Among connoisseurs and admirers of fine art, nothing is more troubling than the discovery that a great and celebrated painting is a forgery. Those who praised the picture find themselves embarrassed. Worse still, all reverence for the picture vanishes and its high value plunges to near worthlessness.
Why this happens is clear. The picture was valued primarily for its creator’s name -- that is to say, for its credentials. The beauty and interest of the picture have not changed, but when its credentials reveal the painter to be Han van Meegeren, a 20th century forger, not Jan Vermeer, a 17th century master, everything else does change.
I offer this observation to illuminate the case of Marilee Jones,  whom I do not know. She had been employed by the Massachusetts Institute of Technology for 28 years, most recently as the dean of admissions. In this last position, she was celebrated, a rare case among admissions deans who are usually obscure, for her efforts to humanize the overwhelming process of applying to colleges and universities. When a few weeks ago someone anonymously informed the MIT administration that she had falsified her résumé, she stepped down.
And like a forgery discovered, her value became nil upon the revelation. Having been a university president for 30 years, I find this whole business troubling and dismaying for several reasons.
I am troubled that she lied about where she earned her bachelor's degree and that, over the years, she did not attempt to correct the record. I am further troubled by her hypocrisy, Ms. Jones having made a great point of telling students to be honest about their accomplishments on their admissions forms. None of this is good.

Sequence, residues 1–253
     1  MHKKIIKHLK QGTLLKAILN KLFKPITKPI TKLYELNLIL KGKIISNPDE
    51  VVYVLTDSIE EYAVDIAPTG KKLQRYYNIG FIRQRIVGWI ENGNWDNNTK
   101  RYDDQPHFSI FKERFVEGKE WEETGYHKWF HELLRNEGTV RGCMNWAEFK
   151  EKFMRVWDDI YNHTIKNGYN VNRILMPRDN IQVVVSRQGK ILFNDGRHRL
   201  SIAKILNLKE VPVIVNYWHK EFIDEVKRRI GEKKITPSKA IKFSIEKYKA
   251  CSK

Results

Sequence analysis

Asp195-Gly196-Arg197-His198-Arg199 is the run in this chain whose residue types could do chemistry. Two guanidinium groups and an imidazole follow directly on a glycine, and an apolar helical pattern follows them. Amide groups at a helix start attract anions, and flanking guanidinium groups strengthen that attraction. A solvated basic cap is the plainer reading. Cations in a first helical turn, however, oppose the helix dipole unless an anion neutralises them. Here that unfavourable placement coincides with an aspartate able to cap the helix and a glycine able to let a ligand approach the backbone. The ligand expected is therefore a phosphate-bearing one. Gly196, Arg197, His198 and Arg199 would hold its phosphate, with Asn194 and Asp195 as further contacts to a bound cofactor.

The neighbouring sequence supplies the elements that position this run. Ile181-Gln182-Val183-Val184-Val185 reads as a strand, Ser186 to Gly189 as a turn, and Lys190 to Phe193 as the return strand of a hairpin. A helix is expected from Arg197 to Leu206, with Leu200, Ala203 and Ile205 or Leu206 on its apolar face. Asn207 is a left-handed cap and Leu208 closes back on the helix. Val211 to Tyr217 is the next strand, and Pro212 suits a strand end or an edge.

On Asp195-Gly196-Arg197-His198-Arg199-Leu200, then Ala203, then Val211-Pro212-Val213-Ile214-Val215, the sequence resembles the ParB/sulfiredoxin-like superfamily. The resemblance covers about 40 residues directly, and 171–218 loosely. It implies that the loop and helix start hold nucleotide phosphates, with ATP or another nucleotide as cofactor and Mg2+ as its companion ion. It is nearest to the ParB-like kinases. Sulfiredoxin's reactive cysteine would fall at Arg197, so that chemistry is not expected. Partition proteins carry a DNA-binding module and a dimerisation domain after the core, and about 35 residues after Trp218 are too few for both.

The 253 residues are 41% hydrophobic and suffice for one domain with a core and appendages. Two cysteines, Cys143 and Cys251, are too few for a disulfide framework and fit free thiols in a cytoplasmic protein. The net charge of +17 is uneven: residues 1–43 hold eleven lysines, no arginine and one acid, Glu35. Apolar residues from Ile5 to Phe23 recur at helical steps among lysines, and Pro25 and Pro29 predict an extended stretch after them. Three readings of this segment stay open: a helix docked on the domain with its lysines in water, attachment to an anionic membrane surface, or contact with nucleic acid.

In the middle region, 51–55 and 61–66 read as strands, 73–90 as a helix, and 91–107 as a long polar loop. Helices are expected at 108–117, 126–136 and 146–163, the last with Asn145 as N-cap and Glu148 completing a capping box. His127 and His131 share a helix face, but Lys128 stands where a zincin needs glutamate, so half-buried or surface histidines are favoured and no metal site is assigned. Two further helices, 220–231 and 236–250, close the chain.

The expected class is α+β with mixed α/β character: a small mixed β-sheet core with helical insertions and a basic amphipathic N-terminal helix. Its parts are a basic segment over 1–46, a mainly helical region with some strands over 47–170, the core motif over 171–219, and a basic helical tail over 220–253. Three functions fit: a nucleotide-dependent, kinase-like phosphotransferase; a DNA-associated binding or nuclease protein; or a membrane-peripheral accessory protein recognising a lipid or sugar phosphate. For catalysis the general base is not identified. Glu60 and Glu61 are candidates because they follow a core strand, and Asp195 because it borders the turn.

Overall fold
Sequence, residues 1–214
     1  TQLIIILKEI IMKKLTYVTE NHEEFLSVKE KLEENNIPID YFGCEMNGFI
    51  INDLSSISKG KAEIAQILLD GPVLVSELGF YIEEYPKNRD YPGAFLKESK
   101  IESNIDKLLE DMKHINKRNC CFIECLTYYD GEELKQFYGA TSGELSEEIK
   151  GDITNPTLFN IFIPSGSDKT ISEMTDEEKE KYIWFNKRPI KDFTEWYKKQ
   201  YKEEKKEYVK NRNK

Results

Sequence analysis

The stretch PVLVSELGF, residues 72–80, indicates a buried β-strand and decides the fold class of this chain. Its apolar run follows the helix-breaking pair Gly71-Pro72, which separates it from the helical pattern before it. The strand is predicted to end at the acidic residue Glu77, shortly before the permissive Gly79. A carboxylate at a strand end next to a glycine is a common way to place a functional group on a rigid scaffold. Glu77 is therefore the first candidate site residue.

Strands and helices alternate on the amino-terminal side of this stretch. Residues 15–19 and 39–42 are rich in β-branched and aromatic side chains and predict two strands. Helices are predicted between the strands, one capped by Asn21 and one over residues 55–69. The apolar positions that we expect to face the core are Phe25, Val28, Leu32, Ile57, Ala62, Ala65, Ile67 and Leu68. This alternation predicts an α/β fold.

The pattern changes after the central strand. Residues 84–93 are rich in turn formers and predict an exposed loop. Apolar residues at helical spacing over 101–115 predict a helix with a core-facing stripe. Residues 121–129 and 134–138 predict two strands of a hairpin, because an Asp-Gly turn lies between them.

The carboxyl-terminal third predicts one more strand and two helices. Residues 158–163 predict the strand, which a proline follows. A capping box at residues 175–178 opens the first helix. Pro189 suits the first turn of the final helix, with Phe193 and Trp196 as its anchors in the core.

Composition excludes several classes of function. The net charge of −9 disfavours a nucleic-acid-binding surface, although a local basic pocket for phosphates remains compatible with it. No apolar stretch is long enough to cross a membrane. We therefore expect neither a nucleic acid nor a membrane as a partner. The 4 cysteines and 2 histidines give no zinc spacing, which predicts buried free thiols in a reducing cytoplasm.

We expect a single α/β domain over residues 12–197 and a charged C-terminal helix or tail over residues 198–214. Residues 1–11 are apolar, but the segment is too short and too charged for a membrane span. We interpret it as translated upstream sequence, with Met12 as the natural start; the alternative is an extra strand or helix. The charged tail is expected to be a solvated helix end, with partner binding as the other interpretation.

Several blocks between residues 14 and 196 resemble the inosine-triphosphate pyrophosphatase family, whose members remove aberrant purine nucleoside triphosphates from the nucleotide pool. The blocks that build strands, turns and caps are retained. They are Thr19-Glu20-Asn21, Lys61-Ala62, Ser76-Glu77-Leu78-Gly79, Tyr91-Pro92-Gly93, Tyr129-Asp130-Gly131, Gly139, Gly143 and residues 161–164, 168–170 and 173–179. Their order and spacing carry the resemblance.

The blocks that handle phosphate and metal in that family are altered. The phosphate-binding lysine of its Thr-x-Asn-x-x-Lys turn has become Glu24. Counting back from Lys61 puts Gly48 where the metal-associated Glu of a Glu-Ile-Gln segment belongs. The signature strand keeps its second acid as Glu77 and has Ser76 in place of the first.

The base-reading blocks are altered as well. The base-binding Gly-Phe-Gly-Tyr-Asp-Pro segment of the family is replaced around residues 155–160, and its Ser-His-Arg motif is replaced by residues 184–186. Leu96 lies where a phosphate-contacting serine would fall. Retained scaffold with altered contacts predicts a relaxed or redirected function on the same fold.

But I am dismayed by the weight that has been put on credentials that, after so many years, have absolutely no bearing on her performance. It visibly makes no difference that she earned her bachelor's degree from the College of St. Rose, in Albany, not Union College, or that she has no degree from Albany Medical College or Renssalaer Polytechnic Institute.
Of course colleges must perceive degrees as consequential. If not colleges, who? But degrees as “sacred,” I’m not sure. “Sacred” has theological implications that may take us a step too far. We do, after all, give university credit these days for courses taken in high school, and we give credit with university degrees for life experience. There are all sorts of degrees that can be earned through experiential programs. The box is not as hermetically sealed as it once was. And that is a good thing.
To put it plainly, she is not a forgery. She is what she has always appeared to be -- a very accomplished university administrator. The value of the Vermeer resides almost entirely (and unfortunately, I think) in the certainty of its authorship. I wonder if Ulysses S. Grant would have been a lesser general or a greater president had he not attended West Point, but claimed that he had. We are known by our accomplishments and rewarded accordingly.
We may insist that we are also known by our character, and I agree. However, as far as I know, Ms. Jones muddied her skirts many years ago and has since been otherwise blameless. This apparent fact is also troubling.